Those who are prepared to pay a lot of money for a reservation at a popular restaurant in Amsterdam can now visit the Appointment Trader website. Restaurants are not at all happy with this online shadow circuit, but there is also little they can do about it. “It’s bizarre, but apparently everything is for sale.”
This article comes from Het Parool. Every day a selection of the best articles from the newspapers and magazines appears on NU.nl. You can read more about that here.
Planning a dinner at restaurant De Kas in Park Frankendael is not easy: if you want to be assured of a table, you have to book months in advance. Recently there is a shortcut: the Appointment Trader website trades reservations.
Those who are prepared to pay the fair can take over a reservation via the site from someone who has secured a spot in time. The site has been around for quite some time in New York and is also active in Los Angeles, Miami, and Paris. The Dutch version has been in operation since last weekend.
Appointment Trader responds to scarcity and, in its own words, brings supply and demand together and picks up a margin there. However, the system also spawns intermediaries who make reservations at popular restaurants just to sell them later for big bucks. Radio station BNR spoke to an intermediary who confessed to keeping a huge spreadsheet with data on which bookings can be made at popular restaurants in numerous cities, including Amsterdam. He had already earned about one and a half tons with it.
A day after launch, the Dutch version of Appointment Trader is not yet running a storm, but the first reservation for De Kas has already been traded, for just under a hundred euros. Terrible, says owner Jos Timmer. “We do everything we can to have a good price-quality ratio and to be an accessible restaurant where everyone can go. It feels like someone is taking control of your own restaurant, without you being able to do anything about it.”
From a legal point of view, there indeed seem to be few tools available to combat the online trade in reservations. “This is a typical example of a secondary market, as we have seen with the resale of tickets for concerts and festivals,” says Cyriel Ruers of Maverick Advocaten, who specializes in consumer rules, among other things. “The resale of reservations is not prohibited by law. It shows that people are willing to pay for certain reservations. The ‘resellers’ mediate in a sense between the demand and supply sides. Whether that is desirable is a political question: a recent proposal to curb the extortionate trade in tickets failed in the Senate. The cabinet has promised to investigate possible measures.”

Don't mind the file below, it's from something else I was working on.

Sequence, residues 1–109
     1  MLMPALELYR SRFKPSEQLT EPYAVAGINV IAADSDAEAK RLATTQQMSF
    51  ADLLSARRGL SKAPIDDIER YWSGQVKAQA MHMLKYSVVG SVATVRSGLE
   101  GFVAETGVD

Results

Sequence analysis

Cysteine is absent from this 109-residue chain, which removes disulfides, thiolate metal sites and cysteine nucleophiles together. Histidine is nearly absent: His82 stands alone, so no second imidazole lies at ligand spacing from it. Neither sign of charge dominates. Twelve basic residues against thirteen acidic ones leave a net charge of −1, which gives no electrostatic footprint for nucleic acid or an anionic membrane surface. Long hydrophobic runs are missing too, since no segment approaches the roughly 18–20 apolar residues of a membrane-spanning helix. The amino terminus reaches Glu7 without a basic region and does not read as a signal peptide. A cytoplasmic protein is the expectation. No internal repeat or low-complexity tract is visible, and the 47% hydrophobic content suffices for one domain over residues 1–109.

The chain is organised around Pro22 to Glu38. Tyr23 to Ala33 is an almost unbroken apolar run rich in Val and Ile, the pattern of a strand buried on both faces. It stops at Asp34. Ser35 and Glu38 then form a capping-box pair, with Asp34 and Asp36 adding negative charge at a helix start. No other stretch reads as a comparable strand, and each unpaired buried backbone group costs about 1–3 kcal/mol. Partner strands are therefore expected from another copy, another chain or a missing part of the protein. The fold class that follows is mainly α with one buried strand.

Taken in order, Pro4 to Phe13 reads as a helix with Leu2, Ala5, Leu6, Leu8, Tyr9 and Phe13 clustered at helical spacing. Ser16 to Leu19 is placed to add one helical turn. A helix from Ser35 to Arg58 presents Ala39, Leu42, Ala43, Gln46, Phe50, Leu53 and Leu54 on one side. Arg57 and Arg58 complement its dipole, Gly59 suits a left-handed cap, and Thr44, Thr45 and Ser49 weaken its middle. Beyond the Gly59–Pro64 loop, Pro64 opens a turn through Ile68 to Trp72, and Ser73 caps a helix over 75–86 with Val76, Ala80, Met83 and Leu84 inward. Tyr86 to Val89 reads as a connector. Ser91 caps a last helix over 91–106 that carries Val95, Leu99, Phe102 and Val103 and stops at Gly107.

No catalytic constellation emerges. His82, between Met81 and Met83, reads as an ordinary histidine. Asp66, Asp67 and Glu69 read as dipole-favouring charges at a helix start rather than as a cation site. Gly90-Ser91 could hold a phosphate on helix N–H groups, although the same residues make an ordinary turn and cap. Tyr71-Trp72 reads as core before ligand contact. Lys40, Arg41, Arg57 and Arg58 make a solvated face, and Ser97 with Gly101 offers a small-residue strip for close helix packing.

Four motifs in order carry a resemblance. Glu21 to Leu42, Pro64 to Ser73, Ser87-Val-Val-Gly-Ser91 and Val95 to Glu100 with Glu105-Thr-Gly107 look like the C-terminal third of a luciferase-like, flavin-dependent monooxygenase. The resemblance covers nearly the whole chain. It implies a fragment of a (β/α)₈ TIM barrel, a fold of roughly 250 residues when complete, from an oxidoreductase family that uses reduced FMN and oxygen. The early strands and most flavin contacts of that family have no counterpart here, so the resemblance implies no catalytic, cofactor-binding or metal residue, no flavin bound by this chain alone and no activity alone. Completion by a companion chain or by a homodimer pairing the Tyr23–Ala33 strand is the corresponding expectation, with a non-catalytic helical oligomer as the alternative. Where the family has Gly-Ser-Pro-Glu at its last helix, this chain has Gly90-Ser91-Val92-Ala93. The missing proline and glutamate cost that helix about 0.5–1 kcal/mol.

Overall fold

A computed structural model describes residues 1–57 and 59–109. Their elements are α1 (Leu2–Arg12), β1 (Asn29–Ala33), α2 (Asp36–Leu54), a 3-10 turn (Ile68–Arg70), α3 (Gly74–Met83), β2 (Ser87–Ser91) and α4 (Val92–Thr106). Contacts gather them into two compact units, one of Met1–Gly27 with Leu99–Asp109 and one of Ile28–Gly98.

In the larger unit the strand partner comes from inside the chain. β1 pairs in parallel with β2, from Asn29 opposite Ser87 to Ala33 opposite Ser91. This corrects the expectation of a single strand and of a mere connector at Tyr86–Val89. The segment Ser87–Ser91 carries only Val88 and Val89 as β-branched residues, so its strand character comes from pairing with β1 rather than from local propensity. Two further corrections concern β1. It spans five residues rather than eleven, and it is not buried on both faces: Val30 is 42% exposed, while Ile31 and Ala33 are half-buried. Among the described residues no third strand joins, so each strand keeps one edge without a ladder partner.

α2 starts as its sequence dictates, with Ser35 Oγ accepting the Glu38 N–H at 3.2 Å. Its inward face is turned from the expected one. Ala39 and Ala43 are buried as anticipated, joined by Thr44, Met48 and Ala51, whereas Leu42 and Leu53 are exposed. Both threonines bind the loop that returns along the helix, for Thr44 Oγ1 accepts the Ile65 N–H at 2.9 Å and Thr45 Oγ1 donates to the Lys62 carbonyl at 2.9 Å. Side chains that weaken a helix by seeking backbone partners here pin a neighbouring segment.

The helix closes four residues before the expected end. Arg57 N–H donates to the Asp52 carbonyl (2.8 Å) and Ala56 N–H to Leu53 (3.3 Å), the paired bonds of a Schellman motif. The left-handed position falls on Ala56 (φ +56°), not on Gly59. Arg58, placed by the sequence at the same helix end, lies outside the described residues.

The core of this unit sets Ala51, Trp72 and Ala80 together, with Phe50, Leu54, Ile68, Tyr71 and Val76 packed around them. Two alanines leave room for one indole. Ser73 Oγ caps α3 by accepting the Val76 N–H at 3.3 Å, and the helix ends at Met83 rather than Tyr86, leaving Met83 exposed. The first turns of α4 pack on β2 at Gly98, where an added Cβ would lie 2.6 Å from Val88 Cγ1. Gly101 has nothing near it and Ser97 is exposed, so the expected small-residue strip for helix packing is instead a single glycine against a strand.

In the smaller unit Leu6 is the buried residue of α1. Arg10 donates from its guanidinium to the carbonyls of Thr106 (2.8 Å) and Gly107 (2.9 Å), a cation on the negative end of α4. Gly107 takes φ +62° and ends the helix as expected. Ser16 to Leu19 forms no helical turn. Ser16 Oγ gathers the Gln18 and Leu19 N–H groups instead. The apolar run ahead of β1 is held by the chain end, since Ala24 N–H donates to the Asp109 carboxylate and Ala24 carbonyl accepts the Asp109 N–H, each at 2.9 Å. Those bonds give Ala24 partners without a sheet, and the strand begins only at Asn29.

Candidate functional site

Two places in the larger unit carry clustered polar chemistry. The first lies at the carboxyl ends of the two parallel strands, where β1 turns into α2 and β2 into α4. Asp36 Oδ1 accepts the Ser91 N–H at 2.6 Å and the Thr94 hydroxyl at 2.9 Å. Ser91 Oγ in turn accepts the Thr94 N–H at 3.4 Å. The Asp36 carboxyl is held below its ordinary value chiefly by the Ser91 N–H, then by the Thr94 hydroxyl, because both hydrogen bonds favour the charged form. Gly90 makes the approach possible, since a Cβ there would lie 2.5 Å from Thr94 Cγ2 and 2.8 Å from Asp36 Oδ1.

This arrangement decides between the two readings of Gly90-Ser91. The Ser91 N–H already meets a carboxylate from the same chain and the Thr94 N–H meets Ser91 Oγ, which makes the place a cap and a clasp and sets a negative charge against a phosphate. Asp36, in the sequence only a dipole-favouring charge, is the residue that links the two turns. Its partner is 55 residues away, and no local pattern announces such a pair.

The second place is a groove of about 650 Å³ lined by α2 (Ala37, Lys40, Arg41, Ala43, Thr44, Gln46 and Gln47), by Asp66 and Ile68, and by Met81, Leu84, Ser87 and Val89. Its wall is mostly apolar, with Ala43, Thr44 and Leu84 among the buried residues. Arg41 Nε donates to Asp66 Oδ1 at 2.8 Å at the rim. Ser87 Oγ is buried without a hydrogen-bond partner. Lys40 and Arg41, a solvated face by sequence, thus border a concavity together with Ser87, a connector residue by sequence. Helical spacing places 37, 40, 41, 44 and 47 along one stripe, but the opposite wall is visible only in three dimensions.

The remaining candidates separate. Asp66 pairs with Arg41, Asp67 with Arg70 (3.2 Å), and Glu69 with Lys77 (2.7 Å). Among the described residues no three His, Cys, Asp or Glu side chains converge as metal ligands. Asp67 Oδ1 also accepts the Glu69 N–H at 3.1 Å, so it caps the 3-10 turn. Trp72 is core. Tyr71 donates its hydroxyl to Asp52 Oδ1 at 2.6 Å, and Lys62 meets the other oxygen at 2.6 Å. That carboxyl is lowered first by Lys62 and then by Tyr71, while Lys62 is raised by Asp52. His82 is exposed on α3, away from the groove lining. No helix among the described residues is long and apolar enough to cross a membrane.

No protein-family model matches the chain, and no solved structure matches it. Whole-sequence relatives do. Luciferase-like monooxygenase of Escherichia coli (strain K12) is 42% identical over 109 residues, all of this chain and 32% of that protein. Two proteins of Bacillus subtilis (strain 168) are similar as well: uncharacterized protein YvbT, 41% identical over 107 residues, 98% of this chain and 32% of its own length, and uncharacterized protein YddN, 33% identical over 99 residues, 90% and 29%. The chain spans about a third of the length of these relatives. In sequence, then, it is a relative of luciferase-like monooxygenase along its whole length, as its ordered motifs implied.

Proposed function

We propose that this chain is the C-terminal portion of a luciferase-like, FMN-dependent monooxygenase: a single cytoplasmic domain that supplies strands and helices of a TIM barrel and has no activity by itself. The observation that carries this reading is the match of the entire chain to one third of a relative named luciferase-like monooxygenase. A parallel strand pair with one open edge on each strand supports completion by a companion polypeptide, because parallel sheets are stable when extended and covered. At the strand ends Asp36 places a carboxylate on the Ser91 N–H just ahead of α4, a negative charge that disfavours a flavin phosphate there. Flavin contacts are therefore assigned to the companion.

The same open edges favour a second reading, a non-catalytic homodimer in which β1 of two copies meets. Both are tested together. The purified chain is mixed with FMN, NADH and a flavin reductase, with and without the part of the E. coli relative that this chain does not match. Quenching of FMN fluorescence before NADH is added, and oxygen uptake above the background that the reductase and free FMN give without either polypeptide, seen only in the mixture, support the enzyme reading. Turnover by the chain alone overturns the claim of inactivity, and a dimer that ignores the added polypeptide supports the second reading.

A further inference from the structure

Pieter Smits, owner of the Rijsel and Scheepskameel restaurants, calls the trade in reservations bizarre. “But apparently everything is for sale. Unfortunately, there is little we can do about it, although in the near future we will keep an eye out for people who make various reservations under the same name. But yes, you cannot screen everyone.”
Mara Grimm, culinary reviewer for Het Parool, calls the site exemplary for the ‘reservation madness’ that is currently going on in the hospitality industry. “Presumably this system will change soon. You are already seeing more and more restaurants that no longer take reservations at all. Other restaurateurs, such as Ron Blaauw, are experimenting with a so-called early fork advantage, whereby you eat cheaper if you come early or very late.”
Timmer says that it is quite possible to get a last minute table at De Kas – Barack Obama recently poked a fork there, and he hadn’t made a reservation months in advance either – but then that will happen on their terms.
“We always try to make room for regular customers or people from the neighborhood who call to ask if someone has cancelled,” says Timmer. “It feels wrong that intermediaries now earn from our restaurant. And the idea that everything is only for sale if you are rich enough, I find it terrible, De Kas does not want to be part of that.”
According to Grimm, while most restaurant owners are against the site’s arrival, there are plenty of high net worth customers for whom paying extra for a last-minute spot in a popular restaurant is no problem. “For people who really want to eat at a certain place, 100 euros is not too bad. Compare it with a concert ticket that you resell at a high price.”
But a case full of millionaires, not everyone is waiting for that. “We sometimes get calls from people who offer 500 euros to eat at Lille or Scheepskameel that evening,” says Smits. “We never go along with that, because it means that you have to disappoint people who are on the regular waiting list. It also doesn’t suit the kind of restaurant we are and the kind of people we want to serve. will be a success here, I think the people of Amsterdam are a bit too down-to-earth for that. At least, I hope so.”
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